If Turkish Finance Minister Nureddin Nebati's found $24.4bn down the back of his couch, he ain’t telling.
Social media in Turkey this week has been buzzing with speculation as to where Turkey obtained the mystery sum to help finance its chronic current account deficit.
After the Financial Times examined the issue, asking in its headline “Who’s stuffing Turkey?”, Nebati, on September 15, took to Twitter to answer the question. Only, he didn’t answer the question. Nebati instead fobbed off the curious with a post reading: “Türkiye Economy Model Investment: Production, Employment, Exports, Growth.”
This is, of course, not the first time Nebati – disparaged as the ‘Nebati Comet’ and known for baffling the markets amid Turkey’s economic carnage – has indulged in such gobbledygook. In January last year, when asked by a television interviewer to provide details of an initiative to stem the collapse in the Turkish lira, Nebati responded: I won't give a number now. Can you look into my eyes? What do you see?... The economy is the sparkle in the eyes."
The curious $24.4bn was listed in the January-July current account data under account discrepancies known as net errors and omissions, or NEO. Such unexplained cash flows can sometimes be explained once foreign counterparts have cleaned up their own data. Only this figure is far too large to wave away with that explanation (the NEO total for the same period last year was only $10.2bn).
Tourism income, while pretty buoyant for Turkey this year at $16.4bn for 7M22, also cannot account for the puzzling sum.
Liam Peach from Capital Economics told the FT that the hefty NEO component could perhaps have resulted from mis-recorded capital flows, reflecting anything from the selling of gold, to the depositing of FX to the mis-recording of services trade or smuggling, but it was not possible to know for sure.
“It’s difficult to know exactly what is going on, but it’s clear that this has provided a key support to the current account deficit this year, and if these unexplained flows reverse it would put the spotlight back on Turkey’s low reserve coverage,” Peach said.
Timothy Ash from BlueBay Asset Management asked whether it might be that Turkish banks are quite content to accept money moving out of sanctioned Russia. The US and EU are meant to be taking a long hard look at this.
Such inflows into the banks might bolster the current account, which ran a deficit of $36.7bn in the year to end-July, and help the central bank keep the beleaguered Turkish lira from going into another nosedive.
Scratch your head, reach for the powers of deduction and you might recall how in October last year, the Paris-based Financial Action Task Force (FATF) – set up by the G7 group of advanced economies to defend the global financial system against money laundering and terrorist financing – placed Turkey on its “grey list”.
The international watchdog concluded that Turkey was failing to counter both money laundering and terrorist financing.
Turkey, the largest country to be downgraded in the announced review, needed to address “serious issues of supervision” in its banking and real estate sectors, and with gold and precious stone dealers, FATF president Marcus Pleyer told a news conference.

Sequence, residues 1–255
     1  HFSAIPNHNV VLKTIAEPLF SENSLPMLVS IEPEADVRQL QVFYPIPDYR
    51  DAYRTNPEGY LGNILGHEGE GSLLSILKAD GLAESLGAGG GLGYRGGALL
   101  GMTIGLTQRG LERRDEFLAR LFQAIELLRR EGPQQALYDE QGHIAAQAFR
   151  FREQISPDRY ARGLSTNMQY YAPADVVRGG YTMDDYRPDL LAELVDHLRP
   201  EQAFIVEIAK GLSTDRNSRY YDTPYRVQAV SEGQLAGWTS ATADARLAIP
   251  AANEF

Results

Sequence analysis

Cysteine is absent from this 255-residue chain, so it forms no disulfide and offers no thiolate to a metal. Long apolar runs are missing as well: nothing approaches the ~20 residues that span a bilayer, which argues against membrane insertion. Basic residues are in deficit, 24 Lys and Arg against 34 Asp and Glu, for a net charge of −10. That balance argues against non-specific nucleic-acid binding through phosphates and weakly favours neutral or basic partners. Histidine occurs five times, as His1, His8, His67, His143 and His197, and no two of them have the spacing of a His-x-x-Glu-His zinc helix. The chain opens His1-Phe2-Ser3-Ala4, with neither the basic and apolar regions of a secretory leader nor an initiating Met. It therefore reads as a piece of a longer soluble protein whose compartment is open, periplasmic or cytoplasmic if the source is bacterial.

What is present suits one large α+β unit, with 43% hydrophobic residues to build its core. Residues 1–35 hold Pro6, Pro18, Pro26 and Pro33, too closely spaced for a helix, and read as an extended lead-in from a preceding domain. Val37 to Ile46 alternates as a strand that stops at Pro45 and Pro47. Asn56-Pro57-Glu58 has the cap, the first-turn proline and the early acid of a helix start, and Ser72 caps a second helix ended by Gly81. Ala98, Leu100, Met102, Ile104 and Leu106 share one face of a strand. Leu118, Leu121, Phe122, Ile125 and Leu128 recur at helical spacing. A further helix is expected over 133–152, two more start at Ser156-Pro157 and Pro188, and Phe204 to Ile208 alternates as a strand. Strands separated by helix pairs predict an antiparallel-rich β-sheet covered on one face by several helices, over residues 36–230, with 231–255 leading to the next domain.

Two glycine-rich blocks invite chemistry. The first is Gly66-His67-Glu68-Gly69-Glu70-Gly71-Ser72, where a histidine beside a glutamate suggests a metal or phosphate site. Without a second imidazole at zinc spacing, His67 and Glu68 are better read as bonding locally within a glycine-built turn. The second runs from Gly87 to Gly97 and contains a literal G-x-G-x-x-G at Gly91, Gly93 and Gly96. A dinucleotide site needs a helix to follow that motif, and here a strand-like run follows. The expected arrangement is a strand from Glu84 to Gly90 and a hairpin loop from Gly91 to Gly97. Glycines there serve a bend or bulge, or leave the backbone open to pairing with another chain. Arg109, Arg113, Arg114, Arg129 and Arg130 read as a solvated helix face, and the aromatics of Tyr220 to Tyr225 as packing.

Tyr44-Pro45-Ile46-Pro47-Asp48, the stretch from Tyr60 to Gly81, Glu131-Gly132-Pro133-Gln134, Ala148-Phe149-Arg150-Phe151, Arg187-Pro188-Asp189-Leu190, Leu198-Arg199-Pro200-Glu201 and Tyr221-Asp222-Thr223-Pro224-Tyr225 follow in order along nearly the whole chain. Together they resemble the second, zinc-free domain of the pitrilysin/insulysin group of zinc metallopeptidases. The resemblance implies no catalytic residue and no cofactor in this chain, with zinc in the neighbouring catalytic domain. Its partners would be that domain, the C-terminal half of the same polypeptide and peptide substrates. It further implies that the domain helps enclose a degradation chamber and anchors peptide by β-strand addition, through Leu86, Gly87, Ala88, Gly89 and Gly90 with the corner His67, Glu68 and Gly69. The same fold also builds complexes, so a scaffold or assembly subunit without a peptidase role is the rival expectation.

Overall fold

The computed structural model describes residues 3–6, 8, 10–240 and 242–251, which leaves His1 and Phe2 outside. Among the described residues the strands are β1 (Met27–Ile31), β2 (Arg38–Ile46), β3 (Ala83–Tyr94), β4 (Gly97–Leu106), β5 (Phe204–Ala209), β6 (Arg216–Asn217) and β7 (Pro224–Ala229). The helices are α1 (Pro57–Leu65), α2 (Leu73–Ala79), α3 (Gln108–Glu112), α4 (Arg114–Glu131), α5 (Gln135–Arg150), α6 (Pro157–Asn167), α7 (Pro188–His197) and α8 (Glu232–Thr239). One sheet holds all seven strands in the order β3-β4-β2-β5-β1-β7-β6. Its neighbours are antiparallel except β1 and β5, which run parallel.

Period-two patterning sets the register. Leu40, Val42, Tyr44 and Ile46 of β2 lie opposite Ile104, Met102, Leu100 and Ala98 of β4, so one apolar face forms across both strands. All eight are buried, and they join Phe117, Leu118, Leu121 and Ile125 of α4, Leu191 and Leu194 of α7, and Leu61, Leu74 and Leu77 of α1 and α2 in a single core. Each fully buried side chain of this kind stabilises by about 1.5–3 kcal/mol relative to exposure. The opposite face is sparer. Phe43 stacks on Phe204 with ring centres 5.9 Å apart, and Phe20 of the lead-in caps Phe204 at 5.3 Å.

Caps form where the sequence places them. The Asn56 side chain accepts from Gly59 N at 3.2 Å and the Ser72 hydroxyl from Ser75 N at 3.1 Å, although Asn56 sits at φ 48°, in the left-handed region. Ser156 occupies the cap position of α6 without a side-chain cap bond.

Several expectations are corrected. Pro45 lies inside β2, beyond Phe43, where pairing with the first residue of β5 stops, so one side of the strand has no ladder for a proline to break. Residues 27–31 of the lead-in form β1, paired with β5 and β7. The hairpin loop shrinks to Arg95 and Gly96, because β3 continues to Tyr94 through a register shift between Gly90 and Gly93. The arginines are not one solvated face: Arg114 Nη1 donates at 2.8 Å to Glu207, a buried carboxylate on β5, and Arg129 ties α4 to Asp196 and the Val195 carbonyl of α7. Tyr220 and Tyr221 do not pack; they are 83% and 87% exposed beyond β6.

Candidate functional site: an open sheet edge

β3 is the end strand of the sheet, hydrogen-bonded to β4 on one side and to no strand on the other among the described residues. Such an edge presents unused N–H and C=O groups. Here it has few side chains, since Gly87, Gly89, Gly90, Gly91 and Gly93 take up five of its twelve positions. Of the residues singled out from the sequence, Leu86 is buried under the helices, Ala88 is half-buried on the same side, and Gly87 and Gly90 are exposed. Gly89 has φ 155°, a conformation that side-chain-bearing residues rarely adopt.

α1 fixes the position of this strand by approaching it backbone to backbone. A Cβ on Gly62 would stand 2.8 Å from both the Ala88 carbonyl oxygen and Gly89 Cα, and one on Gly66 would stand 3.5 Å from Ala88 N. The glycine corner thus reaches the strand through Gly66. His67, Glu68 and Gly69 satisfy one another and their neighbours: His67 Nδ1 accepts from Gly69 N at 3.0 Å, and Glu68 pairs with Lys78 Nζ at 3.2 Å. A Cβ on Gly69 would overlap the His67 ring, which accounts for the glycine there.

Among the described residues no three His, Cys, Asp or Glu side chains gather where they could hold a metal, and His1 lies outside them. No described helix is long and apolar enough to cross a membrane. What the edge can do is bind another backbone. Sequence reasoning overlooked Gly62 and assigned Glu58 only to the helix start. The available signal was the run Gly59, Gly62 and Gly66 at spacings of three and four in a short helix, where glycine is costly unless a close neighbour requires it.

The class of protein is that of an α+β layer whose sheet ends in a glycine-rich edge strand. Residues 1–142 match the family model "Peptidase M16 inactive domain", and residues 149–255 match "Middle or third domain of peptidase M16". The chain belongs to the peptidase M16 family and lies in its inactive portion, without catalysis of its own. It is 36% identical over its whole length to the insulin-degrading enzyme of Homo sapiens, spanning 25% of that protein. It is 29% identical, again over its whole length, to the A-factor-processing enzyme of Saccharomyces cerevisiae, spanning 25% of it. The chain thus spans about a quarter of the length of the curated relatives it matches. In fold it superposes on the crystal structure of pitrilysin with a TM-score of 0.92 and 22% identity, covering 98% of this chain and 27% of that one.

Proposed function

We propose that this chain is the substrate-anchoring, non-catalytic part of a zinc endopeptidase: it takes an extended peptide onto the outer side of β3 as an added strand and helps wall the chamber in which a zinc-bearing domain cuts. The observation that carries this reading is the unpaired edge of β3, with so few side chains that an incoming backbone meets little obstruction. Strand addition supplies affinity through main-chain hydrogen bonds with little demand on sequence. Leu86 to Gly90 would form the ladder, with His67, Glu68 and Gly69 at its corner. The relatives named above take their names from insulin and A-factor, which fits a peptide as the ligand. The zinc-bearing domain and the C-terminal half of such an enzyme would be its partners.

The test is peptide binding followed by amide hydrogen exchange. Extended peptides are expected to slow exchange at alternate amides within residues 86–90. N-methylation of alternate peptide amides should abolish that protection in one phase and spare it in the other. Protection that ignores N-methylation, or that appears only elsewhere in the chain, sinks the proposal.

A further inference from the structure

bne IntelliNews, by the way, has been down this murky road before.
In June last year, this publication focused on Turkey’s latest “wealth amnesty” law, introduced eight months previously.
The law allows individuals and companies to repatriate previously undisclosed cash, gold, FX, securities and other assets held abroad, or declare assets held in Turkey, without facing any questioning on the source of their assets or incurring a tax penalty.
Previous versions of the law imposed a small tax penalty on disclosed assets. The latest law applied no levies at all.
Assets, it made clear, could even be carried into the country in a suitcase and declared with no inquiries then posed as to their origins.
“Considering that money laundering requires committing other crimes such as in drugs, terrorism, etcetera, and waiting for an opportunity to enter the system to be cleared, this risk is important,” Transparency International Turkey chairman Oya Ozarslan told Aljazeera.
“Today, if someone comes to the border and claims to have brought €30mn, all they have to do is fill out a form for the public prosecutor and the Financial Crimes Investigation Board [MASAK],” Nedim Turkmen of Galatasaray University told the media outlet.
“We don’t know how much wealth was legalised as a result of the recent amnesties and regulations,” the Republican People’s Party (CHP) MP Erdogan Toprak told Aljazeera. “How much money, gold, jewellery and other valuables were brought into the country? The total value of the assets is no longer available to public.”
All the way back in 2016, a Deutsche Bank report entitled “Dark matter: the hidden capital flows that drive G10 exchange rates” noted significant financial inflows into Turkey under the net errors and omissions item.
The government solved the problem of those capital flows in 2019 by revising its balance of payments methodology. There were then no eye-catching inflows under NEO. The inflows were retrospectively transferred to the service income item.
Turkey has long seen heroin trafficked across its borders from Afghanistan into Europe, as well as people and arms. Billions of dollars from illegal enterprises in these areas often end up in offshore accounts. Critics suspect some of it finds its way to Turkey via the country’s wealth amnesties.